Norbert Möller

  • born in Berlin
  • Member of the orchestra since 1982

Norbert Möller studied in Berlin at the Hanns Eisler Academy of Music and was a member of the Berlin Wind Quintet for 20 years, winning second prize at the ARD Competition in 1985. In the orchestra he switched from the second clarinet to the principal bass clarinet in 2000. He holds several teaching posts for clarinet, bass clarinet and chamber music at the Hanns Eisler Academy of Music and at the Bach Gymnasium. Norbert Möller is a member of the current media advisory board of the Konzerthausorchester.


What do you enjoy most about being an orchestral musician?

Even after 40 years in the orchestra, I still enjoy coming to work every day. On the one hand, our profession is very conservative, because we could repeat a concert, for example from 1982, precisely – the same programme, identical notes, the same instrument, even the tailcoat from back then (if it still fits). On the other hand, being a musician is so exciting because even after 38 years, new things always come along – pieces that have not been played before, new interpretations, new people around me and new discoveries, even in a symphony that has been played umpteen times.

Which favourite place in Berlin do you recommend when you have visitors?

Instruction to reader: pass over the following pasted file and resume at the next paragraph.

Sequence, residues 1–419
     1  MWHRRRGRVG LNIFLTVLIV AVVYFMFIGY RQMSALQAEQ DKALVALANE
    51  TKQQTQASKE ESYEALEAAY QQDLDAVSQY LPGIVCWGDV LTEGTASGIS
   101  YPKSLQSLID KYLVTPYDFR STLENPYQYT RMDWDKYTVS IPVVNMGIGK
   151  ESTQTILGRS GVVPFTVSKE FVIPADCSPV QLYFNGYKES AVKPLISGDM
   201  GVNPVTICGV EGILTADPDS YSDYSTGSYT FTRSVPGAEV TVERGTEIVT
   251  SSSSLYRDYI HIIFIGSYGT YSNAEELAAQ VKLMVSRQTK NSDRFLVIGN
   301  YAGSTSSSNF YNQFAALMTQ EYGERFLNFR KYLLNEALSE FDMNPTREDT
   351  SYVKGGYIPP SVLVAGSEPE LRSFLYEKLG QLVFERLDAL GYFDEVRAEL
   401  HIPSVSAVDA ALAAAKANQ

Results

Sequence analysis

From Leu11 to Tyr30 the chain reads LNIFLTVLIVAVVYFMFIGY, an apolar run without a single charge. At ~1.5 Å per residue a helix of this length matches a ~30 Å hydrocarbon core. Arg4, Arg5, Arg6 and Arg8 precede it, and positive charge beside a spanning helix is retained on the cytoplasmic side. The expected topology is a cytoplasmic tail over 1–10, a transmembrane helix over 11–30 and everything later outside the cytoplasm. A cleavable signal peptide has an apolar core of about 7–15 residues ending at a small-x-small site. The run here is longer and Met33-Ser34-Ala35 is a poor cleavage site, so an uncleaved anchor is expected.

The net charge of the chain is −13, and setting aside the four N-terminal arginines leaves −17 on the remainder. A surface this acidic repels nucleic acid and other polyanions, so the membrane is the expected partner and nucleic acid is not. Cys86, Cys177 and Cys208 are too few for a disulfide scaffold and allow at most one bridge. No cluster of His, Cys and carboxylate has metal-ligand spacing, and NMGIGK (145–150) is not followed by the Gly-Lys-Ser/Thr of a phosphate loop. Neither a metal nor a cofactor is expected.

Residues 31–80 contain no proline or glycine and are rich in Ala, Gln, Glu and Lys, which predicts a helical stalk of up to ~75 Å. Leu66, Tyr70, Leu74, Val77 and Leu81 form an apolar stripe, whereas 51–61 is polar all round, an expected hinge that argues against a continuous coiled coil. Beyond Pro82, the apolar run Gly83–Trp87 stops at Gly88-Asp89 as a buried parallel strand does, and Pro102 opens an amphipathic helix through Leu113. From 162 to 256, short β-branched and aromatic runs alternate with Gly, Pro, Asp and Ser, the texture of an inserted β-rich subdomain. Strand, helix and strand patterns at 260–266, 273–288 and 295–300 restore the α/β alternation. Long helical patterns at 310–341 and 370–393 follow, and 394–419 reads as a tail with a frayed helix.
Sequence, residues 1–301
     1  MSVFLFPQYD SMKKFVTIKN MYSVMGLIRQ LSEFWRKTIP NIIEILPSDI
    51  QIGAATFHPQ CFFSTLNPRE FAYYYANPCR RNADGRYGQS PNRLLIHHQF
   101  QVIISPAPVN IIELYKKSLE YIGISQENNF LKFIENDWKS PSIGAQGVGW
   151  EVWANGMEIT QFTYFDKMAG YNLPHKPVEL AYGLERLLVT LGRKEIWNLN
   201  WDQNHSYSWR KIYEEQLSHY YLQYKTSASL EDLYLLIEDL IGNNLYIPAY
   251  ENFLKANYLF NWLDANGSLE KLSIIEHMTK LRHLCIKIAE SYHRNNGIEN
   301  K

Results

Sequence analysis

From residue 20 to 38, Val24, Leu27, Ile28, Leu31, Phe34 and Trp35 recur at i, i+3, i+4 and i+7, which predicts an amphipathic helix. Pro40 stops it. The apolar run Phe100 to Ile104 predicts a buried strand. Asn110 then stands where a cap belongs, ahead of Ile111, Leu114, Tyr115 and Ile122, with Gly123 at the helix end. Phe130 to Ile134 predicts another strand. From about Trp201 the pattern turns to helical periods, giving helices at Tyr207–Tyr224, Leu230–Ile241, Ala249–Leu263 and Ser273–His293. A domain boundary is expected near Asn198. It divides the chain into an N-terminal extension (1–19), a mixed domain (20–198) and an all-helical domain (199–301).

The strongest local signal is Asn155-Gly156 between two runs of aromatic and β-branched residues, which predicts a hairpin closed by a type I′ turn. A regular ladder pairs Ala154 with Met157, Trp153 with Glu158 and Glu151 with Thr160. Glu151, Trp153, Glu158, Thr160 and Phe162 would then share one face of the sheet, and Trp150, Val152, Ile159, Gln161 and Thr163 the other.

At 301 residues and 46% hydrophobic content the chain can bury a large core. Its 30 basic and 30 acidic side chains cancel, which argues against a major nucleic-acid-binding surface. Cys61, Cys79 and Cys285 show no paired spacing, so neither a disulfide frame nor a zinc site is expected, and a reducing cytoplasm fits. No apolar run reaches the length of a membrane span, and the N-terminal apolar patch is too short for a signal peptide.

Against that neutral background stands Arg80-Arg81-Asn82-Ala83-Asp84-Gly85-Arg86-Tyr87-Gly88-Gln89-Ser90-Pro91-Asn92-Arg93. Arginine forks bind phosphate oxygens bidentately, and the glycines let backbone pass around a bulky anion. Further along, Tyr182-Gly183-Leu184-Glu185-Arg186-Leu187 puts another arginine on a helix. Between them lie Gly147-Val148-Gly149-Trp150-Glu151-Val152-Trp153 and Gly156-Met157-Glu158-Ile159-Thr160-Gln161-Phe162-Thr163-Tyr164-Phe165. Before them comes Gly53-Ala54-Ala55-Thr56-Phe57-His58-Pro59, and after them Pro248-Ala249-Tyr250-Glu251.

In the 1990s, I was pretty much the only person who came to the Konzerthaus by bike. Since then, the bicycle has been my best and most eventful means of transport in Berlin. It is faster (and more reliable) than public transport and much cheaper and healthier than a car. My path to the concert hall is a bike route with a 5-star certificate, so to speak, which shows Berlin in all its diversity. I start in Mitte at the historic Zionskirche, cross lively, busy Rosenthaler Platz, then ride along the first bike street – Linienstraße. On the left, I take in the shiny gold synagogue, then cross the Spree with a view of the Bode Museum, and cycle on to Unter den Linden, with its crush of tourists. Then I slowly begin to see the Pegasus on top of the Konzerthaus from the distance.

Ist there another instrument besides your own that would you like to master?

No. I came to the clarinet by chance. After the recorder, which was almost obligatory, my uncle, who played the clarinet, gave me an old (horrible!) instrument as a present. Things went quite well, and I proceeded straight into the Berliner Sinfonie-Orchester. The sonorous tones of the bass clarinet are my soundscape. However, if a fairy godmother ever were to drop by, I would wish for the ability to play just about anything on the piano without notes.


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